“As per our terms shared when you signed up for the free trial, we will start charging your card from <date>. If you do not take any action, we will assume that you are interested in this subscription and start charging you.”

The implied customer consent while signing up for a free trial is always for the period of the free trial regardless of what the vendor adds in terms of additional points (free only for X period, we will start charging from X onwards, etc.).

The vendor needs to get an explicit consent before the start of a paid subscription. But, considering that so many subscription businesses are built entirely around this, I presume there is some legalese that protects vendors from using opt-out instead of opt-in.

Legalese or not, it sure helps in business planning – opt-in would lead vendors to assume that the opt-in email would be the end of that revenue pipe, whereas opt-out would help them to assume that such an email would be the start of that revenue pipe!

But, given so many subscription vendors use only opt-out under the garb of removing friction in transactions (in other words, “seamless subscription experience”), using opt-in would seem like the odd choice to make, even though it is the right choice to make by the users.

It would mean that the vendor is confident enough about their product offering that they plan for users affirmatively choosing to continue the subscription.

Are you aware of any one vendor/subscription service that uses opt-in communication after the free period? I don’t know any, so I’m asking.

I came across two instances of subscription services moving from free to paid, and here is my experience.

In December 2020, I signed up for a free month of Zee5 OTT via a promo email from ACT Broadband.

Here is the text message I received from ACT.

It clearly says that I would be charged (this is called operator billing, since I’m not sharing any credit card details; the fee would be added to my monthly ACT bill) from a particular date.

Does ACT have the policy of informing users a week before the start of the paid subscription period? No.

I figured earlier this week that I have not seen Zee5 since January 2021 in the assumption that after the first month I won’t have access to it anyway. But ACT has been charging me Rs.99 for it every month and it is mentioned in their monthly bill too. I had to call ACT to cancel this unwanted subscription.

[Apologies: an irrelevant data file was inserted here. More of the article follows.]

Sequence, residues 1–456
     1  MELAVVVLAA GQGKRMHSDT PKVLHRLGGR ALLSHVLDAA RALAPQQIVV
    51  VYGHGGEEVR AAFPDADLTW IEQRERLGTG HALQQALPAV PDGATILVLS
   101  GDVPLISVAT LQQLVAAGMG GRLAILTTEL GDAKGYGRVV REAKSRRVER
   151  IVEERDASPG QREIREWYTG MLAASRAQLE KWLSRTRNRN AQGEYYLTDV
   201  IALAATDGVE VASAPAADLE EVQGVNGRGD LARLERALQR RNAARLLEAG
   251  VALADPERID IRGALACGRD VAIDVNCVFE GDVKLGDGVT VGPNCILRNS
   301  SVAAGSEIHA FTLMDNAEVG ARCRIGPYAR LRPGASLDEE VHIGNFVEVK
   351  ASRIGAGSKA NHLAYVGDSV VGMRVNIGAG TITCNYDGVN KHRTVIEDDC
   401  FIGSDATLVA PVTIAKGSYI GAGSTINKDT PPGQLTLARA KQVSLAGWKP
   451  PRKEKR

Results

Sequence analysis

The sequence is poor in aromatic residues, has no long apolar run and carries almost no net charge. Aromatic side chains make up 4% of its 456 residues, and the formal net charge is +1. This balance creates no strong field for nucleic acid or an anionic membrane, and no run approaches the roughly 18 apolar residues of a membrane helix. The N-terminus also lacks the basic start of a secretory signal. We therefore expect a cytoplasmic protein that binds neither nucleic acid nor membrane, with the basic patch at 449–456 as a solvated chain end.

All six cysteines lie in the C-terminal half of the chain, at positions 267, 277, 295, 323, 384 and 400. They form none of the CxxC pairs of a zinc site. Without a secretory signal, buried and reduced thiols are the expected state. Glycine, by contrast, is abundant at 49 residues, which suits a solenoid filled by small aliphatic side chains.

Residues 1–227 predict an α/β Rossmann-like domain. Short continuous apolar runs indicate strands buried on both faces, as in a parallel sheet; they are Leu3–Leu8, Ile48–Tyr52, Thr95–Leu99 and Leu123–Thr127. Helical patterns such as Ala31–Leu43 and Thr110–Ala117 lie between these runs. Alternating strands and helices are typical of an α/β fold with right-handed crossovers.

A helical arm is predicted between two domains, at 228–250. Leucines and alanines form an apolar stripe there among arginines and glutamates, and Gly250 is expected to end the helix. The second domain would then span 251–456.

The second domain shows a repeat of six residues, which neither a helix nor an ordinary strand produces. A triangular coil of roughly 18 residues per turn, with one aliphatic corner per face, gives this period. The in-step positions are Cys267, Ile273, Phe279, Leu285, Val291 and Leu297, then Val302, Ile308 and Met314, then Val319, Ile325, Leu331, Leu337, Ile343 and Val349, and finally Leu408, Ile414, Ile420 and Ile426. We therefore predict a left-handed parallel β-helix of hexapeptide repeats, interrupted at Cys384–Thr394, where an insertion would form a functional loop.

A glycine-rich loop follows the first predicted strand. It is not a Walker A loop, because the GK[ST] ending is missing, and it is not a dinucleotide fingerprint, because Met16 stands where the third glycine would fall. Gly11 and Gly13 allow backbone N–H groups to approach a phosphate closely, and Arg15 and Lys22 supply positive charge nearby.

The second experience involves Apple’s Apple TV+. I purchased a Mac machine in the middle of last year and received a 12-months free Apple TV+ subscription. Since the free period ends in July 2021, Apple sent me an email reminding me of the start of the paid subscription period (the same amount as Zee5 via ACT – Rs.99 per month!) and included a link that can help me with the cancellation.

I have set a reminder on my phone to ensure that I cancel the Apple TV+ subscription a day before the date of renewal.

Now, between ACT and Apple TV+, the former seems mildly unethical, even though it is totally par for the course and very, very common.

In comparison, Apple seems more ethical because this is how every subscription service is managed, even though they is still using opt-out method and not the opt-in method (“we will assume that you do not want to continue if you don’t agree to the start of the paid period by clicking on this link”).

I await the vendor/service that uses opt-out so that the rest of the opt-in brigade realizes that their more ethical method still falls short.

Comments

comments

1 thought on “Ethics in the subscription business

Leave a Reply

Your email address will not be published. Required fields are marked *